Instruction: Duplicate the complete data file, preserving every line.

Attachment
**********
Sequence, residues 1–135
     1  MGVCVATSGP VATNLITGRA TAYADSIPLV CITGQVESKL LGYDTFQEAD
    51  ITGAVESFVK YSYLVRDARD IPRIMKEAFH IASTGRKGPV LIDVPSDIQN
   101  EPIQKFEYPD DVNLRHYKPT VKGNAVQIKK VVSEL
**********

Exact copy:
Sequence, residues 1–135
     1  MGVCVATSGP VATNLITGRA TAYADSIPLV CITGQVESKL LGYDTFQEAD
    51  ITGAVESFVK YSYLVRDARD IPRIMKEAFH IASTGRKGPV LIDVPSDIQN
   101  EPIQKFEYPD DVNLRHYKPT VKGNAVQIKK VVSEL